"The consciousness of the universe is infused in the earth, and we have come to learn from it." --Rudolfo Anaya
What is a soul looking for when it journeys into parts unknown? What makes us say goodbye to things we love?
Summertime is never long enough for me. And it is my favorite time of year in Tennessee -- where I was born and raised and have spent the better part of my life. Yet, right in the heart of summer, on the last day of July, I drove away from the place I have been most attached to on this earth.
I went swiftly and with tears in my eyes. Covering that common ground, winding thread, historical pathway -- that legendary highway and everyday traveling ground for thousands upon thousands...
I went west.
I landed in the High Plains of Colorado -- high desert country, mountains all around. The air is thin here. The exaggerated space between things can be arresting, disorienting, intoxicating.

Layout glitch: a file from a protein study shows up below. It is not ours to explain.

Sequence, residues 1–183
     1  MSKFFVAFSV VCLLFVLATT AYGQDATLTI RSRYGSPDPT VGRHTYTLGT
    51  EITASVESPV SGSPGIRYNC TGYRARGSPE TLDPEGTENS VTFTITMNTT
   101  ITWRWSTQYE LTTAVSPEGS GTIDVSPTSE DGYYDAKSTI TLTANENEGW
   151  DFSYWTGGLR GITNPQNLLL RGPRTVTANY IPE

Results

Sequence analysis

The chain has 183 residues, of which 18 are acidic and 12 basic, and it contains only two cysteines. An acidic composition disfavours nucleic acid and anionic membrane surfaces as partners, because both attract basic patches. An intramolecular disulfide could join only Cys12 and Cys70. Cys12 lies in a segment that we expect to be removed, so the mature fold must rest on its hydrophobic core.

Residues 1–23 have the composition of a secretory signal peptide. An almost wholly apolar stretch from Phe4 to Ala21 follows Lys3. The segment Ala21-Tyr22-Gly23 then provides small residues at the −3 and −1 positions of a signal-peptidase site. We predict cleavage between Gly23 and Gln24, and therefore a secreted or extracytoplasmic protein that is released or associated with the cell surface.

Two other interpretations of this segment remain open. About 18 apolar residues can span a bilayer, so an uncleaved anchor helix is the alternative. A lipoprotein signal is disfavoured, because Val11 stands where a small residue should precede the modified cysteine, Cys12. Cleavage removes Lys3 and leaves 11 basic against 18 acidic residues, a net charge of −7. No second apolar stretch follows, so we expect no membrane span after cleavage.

I have been staying in Denver, and now a nearby mountain town called Evergreen. But on my way out and since I have taken every chance I can to explore surrounding (less-peopled) areas. I call these little trips my sojourns. When you're looking for lonely, beautiful places, you don't have to travel far out here.
I've stopped to watch sunlight chase the shadows on majestic rocks and valley floor. I've witnessed silhouettes of giant clouds flood across the sand dunes. I have wondered why I feel most myself in the desert, as I admire every life-form that calls the desert home -- from beetle to cactus to rattlesnake.
I've let the winds pass over me, softening my own internal landscape. I've felt the unfiltered sunlight electrify my freedom, excavate my loneliness. I can feel the elements chip away at me, taking away what is no longer needed.
According to Barry Lopez, one enters the desert by a "series of strippings".
I have been a long time arriving here, and what brought me here is still moving.